Liverpool City Council v Irwin – Case Summary

Liverpool City Council v Irwin

House of Lords

Citations: [1977] AC 239; [1976] 2 WLR 562; [1976] 2 All ER 39; (1984) 13 HLR 38; (1976) 32 P & CR 43; (1976) 238 EG 879; [1976] JPL 427.


Tenants of council flats withheld their rent to protest the conditions in their properties, particularly the poorly maintained common areas. These areas had been subject to routine vandalism, despite the council’s efforts to stop this.

The parties did not have a formal written contract, only a document entitled ‘conditions of tenancy’. This included a form, signed by the tenants but not the council, stating acceptance of the tenants’ obligations but not describing the council’s obligations as landlord.

The council sued for possession of the flats, based on the failure to pay rent. The tenants countersued for breach of the repair, maintenance and quiet enjoyment covenants. They argued that these covenants and duties were implied into the contract, since there was no formal inclusion of these terms.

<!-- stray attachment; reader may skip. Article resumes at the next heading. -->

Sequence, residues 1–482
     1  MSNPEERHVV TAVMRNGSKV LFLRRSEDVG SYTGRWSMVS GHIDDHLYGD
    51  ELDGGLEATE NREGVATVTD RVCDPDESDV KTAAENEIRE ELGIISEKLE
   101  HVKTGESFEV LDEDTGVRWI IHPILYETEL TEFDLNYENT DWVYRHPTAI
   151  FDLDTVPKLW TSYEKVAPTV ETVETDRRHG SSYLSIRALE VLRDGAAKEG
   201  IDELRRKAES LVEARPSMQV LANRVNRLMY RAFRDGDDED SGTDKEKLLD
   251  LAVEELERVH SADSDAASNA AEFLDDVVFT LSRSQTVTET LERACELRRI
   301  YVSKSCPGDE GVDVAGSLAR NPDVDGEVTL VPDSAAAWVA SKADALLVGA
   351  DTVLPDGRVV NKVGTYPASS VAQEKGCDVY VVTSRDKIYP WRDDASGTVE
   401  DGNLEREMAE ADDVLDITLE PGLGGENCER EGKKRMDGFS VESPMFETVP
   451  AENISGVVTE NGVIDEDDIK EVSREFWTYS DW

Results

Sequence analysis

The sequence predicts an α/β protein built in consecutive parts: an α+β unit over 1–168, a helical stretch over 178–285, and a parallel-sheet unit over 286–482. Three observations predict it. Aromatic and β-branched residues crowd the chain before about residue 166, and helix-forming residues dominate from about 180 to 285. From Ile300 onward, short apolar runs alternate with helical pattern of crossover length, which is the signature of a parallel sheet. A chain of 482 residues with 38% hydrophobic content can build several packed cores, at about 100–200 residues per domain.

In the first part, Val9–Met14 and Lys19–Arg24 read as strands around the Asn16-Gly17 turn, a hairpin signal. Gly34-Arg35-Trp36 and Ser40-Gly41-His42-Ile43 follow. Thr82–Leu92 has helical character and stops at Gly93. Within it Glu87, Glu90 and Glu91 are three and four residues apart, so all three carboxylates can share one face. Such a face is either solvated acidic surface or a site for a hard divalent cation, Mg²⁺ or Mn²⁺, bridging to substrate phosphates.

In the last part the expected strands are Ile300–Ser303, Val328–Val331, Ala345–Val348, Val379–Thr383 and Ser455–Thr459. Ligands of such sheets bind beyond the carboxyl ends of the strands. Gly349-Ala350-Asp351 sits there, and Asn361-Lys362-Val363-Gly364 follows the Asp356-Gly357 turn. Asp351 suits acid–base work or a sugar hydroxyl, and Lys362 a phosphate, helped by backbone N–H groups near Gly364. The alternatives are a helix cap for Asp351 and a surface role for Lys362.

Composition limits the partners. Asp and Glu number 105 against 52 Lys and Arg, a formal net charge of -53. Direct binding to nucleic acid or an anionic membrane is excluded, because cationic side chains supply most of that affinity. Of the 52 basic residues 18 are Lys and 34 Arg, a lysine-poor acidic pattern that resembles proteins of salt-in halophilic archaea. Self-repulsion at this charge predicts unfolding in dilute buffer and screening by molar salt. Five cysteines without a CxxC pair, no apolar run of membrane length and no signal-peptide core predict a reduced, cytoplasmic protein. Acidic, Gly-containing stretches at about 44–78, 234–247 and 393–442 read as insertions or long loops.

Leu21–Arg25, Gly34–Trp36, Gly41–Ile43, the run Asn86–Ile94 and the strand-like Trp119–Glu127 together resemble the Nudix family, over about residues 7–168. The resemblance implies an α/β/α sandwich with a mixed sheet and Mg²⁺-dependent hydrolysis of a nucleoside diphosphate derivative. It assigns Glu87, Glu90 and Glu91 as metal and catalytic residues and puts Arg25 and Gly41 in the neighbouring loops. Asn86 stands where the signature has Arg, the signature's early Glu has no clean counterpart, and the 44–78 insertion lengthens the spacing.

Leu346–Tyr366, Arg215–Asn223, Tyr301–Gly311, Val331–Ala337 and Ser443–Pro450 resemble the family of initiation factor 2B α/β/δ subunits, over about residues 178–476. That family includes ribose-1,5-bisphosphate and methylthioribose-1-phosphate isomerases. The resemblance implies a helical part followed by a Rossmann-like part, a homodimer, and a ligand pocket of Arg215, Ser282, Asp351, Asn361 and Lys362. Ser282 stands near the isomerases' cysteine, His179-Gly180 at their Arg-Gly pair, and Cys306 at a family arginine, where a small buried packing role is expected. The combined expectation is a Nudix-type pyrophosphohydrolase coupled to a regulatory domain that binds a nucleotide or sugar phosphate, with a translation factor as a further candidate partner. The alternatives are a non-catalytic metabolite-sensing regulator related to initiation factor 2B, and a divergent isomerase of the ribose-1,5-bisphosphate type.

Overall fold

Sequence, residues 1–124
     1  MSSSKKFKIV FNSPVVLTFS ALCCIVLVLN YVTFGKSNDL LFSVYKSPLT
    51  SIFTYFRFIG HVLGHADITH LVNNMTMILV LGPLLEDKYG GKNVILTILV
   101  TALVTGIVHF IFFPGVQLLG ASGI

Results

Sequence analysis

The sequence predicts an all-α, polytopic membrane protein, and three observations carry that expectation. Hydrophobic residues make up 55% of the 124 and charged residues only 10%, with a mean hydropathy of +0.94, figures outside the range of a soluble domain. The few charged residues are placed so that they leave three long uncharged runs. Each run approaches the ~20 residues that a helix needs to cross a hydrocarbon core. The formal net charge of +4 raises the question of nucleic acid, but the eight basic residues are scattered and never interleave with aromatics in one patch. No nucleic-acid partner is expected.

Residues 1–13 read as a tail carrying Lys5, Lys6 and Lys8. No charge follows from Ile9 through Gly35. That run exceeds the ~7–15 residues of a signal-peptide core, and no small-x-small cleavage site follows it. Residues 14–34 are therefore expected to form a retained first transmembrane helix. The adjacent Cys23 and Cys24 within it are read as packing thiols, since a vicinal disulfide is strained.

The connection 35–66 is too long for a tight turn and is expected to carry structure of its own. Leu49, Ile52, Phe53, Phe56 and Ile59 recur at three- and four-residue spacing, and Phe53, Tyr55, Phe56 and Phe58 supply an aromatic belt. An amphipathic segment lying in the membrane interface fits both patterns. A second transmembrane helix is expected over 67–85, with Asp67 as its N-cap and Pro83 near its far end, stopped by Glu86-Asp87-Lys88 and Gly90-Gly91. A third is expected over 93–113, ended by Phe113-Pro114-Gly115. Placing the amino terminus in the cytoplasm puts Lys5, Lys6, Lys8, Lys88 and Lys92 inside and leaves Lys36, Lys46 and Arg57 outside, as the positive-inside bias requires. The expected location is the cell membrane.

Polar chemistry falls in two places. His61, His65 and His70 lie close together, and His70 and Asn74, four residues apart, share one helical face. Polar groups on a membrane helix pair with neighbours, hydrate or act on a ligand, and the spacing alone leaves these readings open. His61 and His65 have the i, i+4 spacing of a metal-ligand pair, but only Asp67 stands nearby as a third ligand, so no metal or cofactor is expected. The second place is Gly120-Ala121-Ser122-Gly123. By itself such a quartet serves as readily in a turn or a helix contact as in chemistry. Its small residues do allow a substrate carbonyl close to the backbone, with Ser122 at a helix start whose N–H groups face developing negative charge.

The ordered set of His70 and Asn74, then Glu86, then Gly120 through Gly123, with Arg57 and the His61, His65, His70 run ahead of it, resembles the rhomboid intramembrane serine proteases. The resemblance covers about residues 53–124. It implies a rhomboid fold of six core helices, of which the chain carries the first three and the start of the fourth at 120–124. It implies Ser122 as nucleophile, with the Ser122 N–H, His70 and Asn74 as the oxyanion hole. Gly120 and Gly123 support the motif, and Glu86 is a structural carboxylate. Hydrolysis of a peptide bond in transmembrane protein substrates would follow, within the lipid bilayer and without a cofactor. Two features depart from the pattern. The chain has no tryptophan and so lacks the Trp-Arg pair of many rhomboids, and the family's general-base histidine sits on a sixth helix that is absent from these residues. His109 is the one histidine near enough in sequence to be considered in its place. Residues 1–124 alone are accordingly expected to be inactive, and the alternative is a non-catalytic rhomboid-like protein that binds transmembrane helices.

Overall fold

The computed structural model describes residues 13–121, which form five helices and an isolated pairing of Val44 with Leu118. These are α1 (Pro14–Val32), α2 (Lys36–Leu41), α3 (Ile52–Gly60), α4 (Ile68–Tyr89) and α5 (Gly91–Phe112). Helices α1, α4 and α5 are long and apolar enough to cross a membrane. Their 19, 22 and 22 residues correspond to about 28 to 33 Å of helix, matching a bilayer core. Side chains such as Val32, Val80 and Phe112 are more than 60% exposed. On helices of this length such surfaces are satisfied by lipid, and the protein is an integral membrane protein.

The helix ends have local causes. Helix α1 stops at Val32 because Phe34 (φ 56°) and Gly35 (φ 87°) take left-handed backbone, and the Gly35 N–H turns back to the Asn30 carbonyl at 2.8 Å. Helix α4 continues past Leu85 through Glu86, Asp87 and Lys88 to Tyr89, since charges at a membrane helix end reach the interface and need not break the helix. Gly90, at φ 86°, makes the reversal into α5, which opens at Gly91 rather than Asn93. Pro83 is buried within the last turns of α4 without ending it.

1. Did the contract contain the implied terms contended for by the tenants?

The House of Lords held that:

  • The form signed by the tenants was completely unilateral, and so could not represent the complete contract. The court therefore had to determine what the remainder of the contract was.
  • The nature of a residential lease contract was such that it was necessary to imply the covenants and duties the tenants contended for. In particular, it was necessary to imply repair and maintenance clauses in relation to common areas and means of access where the landlord retains occupation of these areas.
  • These terms were to be implied into this kind of contract as a matter of law. It applied to both private and council lettings.
  • The standard of care under these clauses was what a reasonable tenant would do for themselves. The tenants had failed to show that the council was negligent, so the council was not in breach of the implied terms.
This Case is Authority For…

There are two ways in which the courts can imply a term into a contract: in fact and in law. When the courts seek to imply a term in law, they are not seeking to decipher the parties’ objective intentions. They are seeking to determine what is a necessary clause for a particular class of contract.


The House of Lords stressed that the power to imply terms in law does not allow the courts to imply any term they think reasonable. The conditions for implication in law must be met. Additionally, Lord Cross noted that it is open to the parties to exclude a term implied by law.